There’s hidden problem of fuel poverty amongst young people, particularly students, according to research being presented by the Royal Geographical Society.
Fuel poverty is usually defined as where households have to spend more than 10% of their income before housing costs on heating their homes to an acceptable level; in the UK the problem is usually associated with older people or those with a disability or illness, and initial government targets were to eliminate it amongst those groups.
But the study, in the Birmingham district of Bournbrook, found significant evidence that a large proportion of flat-sharing young people, particularly students, are also living in fuel poverty in poor quality and inefficient housing.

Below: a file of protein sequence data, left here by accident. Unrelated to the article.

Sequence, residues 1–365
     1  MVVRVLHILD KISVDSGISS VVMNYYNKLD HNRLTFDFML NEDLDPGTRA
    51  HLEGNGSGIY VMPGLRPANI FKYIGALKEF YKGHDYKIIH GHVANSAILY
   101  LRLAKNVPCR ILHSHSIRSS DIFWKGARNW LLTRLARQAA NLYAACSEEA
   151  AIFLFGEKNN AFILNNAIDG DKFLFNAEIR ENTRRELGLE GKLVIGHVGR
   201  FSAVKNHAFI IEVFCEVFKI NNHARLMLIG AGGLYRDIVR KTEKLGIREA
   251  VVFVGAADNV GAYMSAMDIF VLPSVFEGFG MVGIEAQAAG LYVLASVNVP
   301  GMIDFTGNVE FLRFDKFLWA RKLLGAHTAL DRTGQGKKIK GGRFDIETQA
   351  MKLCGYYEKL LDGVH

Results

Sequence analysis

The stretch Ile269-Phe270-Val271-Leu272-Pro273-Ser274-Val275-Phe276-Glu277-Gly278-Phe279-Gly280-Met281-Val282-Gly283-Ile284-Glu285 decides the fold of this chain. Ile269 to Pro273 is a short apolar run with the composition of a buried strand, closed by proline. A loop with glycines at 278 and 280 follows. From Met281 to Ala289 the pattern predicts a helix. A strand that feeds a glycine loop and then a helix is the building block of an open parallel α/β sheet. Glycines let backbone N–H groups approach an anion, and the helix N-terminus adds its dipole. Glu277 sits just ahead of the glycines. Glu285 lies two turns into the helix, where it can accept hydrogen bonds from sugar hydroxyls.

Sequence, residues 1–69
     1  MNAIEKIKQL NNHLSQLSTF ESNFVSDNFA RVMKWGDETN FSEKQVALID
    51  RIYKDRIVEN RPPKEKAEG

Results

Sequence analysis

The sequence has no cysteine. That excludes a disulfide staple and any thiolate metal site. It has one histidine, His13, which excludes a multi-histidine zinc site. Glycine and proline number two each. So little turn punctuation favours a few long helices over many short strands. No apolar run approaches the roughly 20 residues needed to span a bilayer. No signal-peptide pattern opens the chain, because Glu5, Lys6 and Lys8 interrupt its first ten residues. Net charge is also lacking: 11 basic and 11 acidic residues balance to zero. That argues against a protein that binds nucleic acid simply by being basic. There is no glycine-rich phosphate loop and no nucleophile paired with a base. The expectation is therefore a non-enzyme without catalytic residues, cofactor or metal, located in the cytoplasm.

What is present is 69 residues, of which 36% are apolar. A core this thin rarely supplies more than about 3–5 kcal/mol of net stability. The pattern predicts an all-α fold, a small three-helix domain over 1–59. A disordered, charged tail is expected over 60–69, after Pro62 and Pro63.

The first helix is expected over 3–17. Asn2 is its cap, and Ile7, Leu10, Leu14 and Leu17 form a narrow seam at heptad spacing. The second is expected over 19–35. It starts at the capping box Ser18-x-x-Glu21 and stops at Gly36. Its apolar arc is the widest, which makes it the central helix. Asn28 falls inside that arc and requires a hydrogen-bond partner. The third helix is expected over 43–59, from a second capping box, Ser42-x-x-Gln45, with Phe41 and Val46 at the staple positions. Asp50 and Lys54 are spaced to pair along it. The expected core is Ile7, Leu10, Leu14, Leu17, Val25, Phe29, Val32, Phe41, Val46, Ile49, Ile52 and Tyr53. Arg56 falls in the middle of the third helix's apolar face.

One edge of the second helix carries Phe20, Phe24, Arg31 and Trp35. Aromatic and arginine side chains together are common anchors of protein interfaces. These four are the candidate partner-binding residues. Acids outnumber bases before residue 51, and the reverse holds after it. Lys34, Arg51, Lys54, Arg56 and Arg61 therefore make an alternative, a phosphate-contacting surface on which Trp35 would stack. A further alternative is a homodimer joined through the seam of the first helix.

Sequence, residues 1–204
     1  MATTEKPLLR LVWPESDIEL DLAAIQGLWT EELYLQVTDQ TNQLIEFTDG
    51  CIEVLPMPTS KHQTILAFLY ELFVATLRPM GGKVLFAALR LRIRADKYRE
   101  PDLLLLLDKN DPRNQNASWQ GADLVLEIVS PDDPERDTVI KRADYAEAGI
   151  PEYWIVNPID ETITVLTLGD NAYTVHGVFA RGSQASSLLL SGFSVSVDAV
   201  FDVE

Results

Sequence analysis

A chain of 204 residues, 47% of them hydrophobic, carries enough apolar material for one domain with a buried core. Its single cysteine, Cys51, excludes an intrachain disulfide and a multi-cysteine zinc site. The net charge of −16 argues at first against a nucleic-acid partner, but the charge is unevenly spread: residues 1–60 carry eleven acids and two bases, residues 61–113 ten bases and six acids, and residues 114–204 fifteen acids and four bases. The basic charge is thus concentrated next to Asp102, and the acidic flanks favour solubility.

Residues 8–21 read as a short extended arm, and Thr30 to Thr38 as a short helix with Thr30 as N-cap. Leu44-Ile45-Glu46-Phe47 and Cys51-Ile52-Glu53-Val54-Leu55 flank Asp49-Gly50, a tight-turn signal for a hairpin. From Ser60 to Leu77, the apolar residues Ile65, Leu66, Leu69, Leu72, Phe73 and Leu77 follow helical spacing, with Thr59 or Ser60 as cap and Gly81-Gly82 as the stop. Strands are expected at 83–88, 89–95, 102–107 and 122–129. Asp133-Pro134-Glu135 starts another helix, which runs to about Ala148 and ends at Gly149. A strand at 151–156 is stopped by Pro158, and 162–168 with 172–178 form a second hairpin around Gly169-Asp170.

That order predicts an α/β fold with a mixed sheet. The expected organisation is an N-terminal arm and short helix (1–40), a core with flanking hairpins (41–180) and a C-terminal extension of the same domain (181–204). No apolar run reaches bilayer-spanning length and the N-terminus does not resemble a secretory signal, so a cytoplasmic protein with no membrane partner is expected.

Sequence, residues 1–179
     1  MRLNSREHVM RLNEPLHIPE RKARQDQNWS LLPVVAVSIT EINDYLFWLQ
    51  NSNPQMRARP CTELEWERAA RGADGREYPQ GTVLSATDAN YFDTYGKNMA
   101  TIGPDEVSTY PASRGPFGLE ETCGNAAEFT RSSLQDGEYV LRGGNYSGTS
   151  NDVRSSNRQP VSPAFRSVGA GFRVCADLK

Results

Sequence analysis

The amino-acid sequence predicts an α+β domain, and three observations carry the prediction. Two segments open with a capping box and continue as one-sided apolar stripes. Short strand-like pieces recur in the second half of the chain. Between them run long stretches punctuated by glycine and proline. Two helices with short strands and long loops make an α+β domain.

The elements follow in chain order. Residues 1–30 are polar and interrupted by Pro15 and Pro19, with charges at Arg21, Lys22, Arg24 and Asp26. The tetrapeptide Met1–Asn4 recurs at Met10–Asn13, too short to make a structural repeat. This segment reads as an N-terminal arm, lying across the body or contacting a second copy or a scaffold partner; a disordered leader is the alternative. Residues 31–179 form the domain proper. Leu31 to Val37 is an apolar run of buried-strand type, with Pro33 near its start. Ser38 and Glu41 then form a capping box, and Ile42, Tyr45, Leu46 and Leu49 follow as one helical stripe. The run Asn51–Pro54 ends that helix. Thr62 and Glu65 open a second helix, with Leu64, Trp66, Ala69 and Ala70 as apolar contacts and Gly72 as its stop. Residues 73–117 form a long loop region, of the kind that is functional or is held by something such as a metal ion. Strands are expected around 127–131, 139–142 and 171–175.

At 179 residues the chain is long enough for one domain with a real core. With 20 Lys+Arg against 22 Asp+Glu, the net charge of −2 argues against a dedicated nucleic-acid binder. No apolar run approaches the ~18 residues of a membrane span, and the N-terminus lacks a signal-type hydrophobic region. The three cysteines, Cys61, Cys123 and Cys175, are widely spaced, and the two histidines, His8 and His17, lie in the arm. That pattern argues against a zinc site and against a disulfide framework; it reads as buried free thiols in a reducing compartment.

The study found:
- Around half of the young people surveyed said they had been cutting back on their use of appliances to save energy
- An overwhelming majority did not believe they were living in fuel poverty, though more than half reported problems of mould and condensation
Commenting, Dr Petrova said:
“This group represent a part of society that is invisible to fuel poverty assistance and many of them do not acknowledge or recognise that they are experiencing fuel poverty. Yet many suffer from inadequate warmth or other problems related to the maintenance and condition of their property.
“In addition to the poor knowledge of thermal comfort and energy efficiency standards, their situation is, in part, attributable to the widespread cultural expectation that it is acceptable for young people to live in poorly-heated and low quality housing.
“Capital investment in housing, accompanied by a set of more formal and stringent set of obligations for landlords to improve the energy efficiency of rental housing, may provide a useful way to address such problems. Universities, who are distorting the housing market and indirectly creating some of the conditions that lead to this situation, also need to take a more active role.”